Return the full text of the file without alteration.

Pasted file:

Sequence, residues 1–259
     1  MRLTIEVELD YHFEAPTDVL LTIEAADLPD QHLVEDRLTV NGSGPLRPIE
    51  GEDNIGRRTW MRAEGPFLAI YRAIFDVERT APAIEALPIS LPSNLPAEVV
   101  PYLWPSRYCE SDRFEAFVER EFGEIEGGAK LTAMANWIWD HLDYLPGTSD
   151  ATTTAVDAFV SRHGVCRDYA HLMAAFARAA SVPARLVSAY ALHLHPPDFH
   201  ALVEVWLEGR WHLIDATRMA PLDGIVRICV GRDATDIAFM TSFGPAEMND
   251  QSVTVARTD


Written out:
Sequence, residues 1–259
     1  MRLTIEVELD YHFEAPTDVL LTIEAADLPD QHLVEDRLTV NGSGPLRPIE
    51  GEDNIGRRTW MRAEGPFLAI YRAIFDVERT APAIEALPIS LPSNLPAEVV
   101  PYLWPSRYCE SDRFEAFVER EFGEIEGGAK LTAMANWIWD HLDYLPGTSD
   151  ATTTAVDAFV SRHGVCRDYA HLMAAFARAA SVPARLVSAY ALHLHPPDFH
   201  ALVEVWLEGR WHLIDATRMA PLDGIVRICV GRDATDIAFM TSFGPAEMND
   251  QSVTVARTD